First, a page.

Major Chinese cities have imposed multiple rounds of restrictions this year following Beijing’s “dynamic zero-COVID”, leaving companies with a presence in the country stuck with piles of unsold stock as cautious consumers avoid visiting crowded shopping districts.
Tapestry and Estee Lauder join the likes of Gucci owner Kering SA, Ray-Ban maker EssilorLuxottica and Ralph Lauren Corp in flagging a sales hit in China, a key growth market for high-end fashion companies.
Estee, which makes MAC lipstick, gets over a third of its revenue from China, while Coach handbag maker Tapestry generates about 20% of its sales from the region, according to analysts.
Tapestry, which also owns the Kate Spade and Stuart Weitzman brands, said it was beginning to see a recovery in demand in China, with sales expected to fall 15% in the first quarter compared to a 32% drop in the fourth quarter.
“The weakness in China has only really come about because of the lockdown. Once that region is out of those lockdowns, we see green shoots of the consumer coming back there,” Jane & Hali Associates analyst Jessica Ramirez said.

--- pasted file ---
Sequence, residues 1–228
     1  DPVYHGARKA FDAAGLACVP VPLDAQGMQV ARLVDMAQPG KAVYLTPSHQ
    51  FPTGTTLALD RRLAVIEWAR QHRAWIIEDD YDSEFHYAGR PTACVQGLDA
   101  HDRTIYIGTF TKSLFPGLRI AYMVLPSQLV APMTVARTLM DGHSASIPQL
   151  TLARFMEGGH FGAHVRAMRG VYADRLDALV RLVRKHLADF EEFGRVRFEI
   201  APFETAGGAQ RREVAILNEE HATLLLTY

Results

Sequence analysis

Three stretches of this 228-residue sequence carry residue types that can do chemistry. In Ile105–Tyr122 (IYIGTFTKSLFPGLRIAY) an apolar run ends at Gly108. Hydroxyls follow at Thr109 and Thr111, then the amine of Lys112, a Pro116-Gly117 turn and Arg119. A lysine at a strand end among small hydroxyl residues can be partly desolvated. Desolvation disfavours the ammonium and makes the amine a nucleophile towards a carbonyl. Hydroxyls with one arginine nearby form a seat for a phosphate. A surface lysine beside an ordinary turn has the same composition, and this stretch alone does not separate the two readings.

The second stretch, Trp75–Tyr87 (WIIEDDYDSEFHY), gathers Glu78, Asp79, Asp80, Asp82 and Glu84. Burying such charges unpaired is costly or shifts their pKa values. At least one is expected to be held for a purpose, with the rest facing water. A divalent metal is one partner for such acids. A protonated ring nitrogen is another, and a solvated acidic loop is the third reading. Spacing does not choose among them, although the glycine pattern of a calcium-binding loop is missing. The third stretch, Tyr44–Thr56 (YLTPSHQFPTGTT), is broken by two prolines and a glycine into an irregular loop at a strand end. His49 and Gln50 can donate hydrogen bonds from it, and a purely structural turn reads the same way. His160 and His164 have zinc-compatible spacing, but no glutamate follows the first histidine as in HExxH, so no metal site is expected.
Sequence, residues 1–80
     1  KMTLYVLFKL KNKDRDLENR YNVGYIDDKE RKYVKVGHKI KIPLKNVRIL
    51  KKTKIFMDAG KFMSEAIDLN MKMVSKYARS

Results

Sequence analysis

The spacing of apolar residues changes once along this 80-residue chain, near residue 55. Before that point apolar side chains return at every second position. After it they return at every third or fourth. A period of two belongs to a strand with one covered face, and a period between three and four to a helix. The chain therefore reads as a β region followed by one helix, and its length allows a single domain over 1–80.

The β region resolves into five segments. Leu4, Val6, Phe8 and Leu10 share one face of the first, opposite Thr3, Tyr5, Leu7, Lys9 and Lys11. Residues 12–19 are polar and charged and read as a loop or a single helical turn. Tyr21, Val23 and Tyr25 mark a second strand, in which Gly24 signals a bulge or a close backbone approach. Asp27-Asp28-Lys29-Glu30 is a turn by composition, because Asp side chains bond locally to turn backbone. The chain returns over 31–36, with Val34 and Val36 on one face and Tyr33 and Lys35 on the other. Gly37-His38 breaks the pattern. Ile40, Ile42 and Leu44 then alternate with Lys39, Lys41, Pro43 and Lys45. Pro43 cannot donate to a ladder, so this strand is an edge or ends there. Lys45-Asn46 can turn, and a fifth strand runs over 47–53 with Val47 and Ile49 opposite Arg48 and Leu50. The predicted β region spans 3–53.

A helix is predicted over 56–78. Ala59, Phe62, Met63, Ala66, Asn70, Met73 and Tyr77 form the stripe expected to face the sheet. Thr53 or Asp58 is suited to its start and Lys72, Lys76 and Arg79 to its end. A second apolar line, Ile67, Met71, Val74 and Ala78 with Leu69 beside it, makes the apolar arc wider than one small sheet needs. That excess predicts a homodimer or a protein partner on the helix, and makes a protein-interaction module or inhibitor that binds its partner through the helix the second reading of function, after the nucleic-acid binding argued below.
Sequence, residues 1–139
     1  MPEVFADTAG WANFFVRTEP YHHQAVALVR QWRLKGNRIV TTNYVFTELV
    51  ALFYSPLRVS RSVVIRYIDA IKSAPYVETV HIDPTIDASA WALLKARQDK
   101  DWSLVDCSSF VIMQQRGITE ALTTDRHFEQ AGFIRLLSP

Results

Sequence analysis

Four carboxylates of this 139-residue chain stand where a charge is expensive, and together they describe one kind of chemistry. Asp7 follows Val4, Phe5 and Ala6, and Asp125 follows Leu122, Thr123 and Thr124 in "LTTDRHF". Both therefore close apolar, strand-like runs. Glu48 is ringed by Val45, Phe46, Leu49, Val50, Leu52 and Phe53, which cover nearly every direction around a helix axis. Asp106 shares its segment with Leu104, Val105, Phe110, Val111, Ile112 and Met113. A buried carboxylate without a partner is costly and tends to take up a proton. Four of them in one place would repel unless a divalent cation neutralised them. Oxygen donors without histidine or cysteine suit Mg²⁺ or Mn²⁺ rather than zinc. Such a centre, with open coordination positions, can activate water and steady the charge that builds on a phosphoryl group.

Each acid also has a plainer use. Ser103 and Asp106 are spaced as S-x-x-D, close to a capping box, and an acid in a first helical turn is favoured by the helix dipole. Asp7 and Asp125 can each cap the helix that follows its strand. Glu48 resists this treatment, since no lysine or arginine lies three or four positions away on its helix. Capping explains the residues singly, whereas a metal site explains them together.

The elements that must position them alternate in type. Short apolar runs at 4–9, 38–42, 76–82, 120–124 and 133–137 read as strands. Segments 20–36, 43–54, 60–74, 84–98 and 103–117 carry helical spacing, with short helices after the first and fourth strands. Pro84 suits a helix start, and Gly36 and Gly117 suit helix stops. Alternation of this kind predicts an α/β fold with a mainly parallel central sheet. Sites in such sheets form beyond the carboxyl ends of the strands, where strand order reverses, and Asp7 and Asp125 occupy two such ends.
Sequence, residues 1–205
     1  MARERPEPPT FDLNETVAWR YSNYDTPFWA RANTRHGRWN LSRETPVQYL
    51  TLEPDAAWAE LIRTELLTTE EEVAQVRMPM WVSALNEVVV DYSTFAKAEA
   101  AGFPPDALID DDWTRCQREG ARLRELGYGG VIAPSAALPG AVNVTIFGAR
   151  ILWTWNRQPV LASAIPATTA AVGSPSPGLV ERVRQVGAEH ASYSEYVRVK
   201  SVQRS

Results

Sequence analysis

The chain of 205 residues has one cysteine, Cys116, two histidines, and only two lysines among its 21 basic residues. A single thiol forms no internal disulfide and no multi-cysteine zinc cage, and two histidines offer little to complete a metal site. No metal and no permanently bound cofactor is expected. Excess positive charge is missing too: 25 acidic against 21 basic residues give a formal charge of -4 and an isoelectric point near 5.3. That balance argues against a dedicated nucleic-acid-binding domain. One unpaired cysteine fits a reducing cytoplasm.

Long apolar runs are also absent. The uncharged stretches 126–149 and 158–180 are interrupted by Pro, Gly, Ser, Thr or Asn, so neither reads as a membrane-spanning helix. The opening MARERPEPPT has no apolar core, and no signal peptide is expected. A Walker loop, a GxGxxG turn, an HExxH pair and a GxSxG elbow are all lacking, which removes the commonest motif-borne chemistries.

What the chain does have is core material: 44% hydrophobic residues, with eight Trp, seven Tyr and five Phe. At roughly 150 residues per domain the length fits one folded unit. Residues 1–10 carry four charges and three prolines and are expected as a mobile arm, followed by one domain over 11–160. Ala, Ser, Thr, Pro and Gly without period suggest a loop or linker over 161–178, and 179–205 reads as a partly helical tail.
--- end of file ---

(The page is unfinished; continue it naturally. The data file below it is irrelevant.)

Tapestry forecast fiscal 2023 earnings between $3.80 and $3.90 per share, lower than estimates of $3.91, according to IBES data from Refinitiv. Estee said it expected adjusted profit per share to increase between 5% and 7%, below Wall Street view of a 10.5% gain.
Estee’s 2023 sales growth forecast of 3% to 5% was also below estimates of a 7.6% rise.
Still, Tapestry and Estee beat fourth quarter profit estimates as affluent American shoppers, largely still ignorant of rampant inflation, splurge on high fashion as they resume socializing.